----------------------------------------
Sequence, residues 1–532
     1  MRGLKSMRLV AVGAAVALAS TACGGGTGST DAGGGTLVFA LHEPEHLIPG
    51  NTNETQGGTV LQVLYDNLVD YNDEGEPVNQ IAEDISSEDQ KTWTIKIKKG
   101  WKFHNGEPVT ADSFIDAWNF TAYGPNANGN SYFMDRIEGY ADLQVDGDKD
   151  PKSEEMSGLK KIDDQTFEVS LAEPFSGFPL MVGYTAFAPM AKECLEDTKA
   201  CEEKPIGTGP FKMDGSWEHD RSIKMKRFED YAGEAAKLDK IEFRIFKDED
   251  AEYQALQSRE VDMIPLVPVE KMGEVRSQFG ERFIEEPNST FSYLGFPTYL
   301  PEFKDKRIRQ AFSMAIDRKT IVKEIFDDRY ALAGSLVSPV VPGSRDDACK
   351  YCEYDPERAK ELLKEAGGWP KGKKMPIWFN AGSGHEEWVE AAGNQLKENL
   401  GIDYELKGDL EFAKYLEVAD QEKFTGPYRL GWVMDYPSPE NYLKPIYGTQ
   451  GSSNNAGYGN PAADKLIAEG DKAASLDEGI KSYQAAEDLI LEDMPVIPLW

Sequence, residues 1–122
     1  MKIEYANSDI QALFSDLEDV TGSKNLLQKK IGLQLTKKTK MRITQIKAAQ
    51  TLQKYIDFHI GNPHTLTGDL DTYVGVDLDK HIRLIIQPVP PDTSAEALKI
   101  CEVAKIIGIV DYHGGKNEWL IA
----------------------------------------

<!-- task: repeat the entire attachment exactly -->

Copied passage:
Sequence, residues 1–532
     1  MRGLKSMRLV AVGAAVALAS TACGGGTGST DAGGGTLVFA LHEPEHLIPG
    51  NTNETQGGTV LQVLYDNLVD YNDEGEPVNQ IAEDISSEDQ KTWTIKIKKG
   101  WKFHNGEPVT ADSFIDAWNF TAYGPNANGN SYFMDRIEGY ADLQVDGDKD
   151  PKSEEMSGLK KIDDQTFEVS LAEPFSGFPL MVGYTAFAPM AKECLEDTKA
   201  CEEKPIGTGP FKMDGSWEHD RSIKMKRFED YAGEAAKLDK IEFRIFKDED
   251  AEYQALQSRE VDMIPLVPVE KMGEVRSQFG ERFIEEPNST FSYLGFPTYL
   301  PEFKDKRIRQ AFSMAIDRKT IVKEIFDDRY ALAGSLVSPV VPGSRDDACK
   351  YCEYDPERAK ELLKEAGGWP KGKKMPIWFN AGSGHEEWVE AAGNQLKENL
   401  GIDYELKGDL EFAKYLEVAD QEKFTGPYRL GWVMDYPSPE NYLKPIYGTQ
   451  GSSNNAGYGN PAADKLIAEG DKAASLDEGI KSYQAAEDLI LEDMPVIPLW

Sequence, residues 1–122
     1  MKIEYANSDI QALFSDLEDV TGSKNLLQKK IGLQLTKKTK MRITQIKAAQ
    51  TLQKYIDFHI GNPHTLTGDL DTYVGVDLDK HIRLIIQPVP PDTSAEALKI
   101  CEVAKIIGIV DYHGGKNEWL IA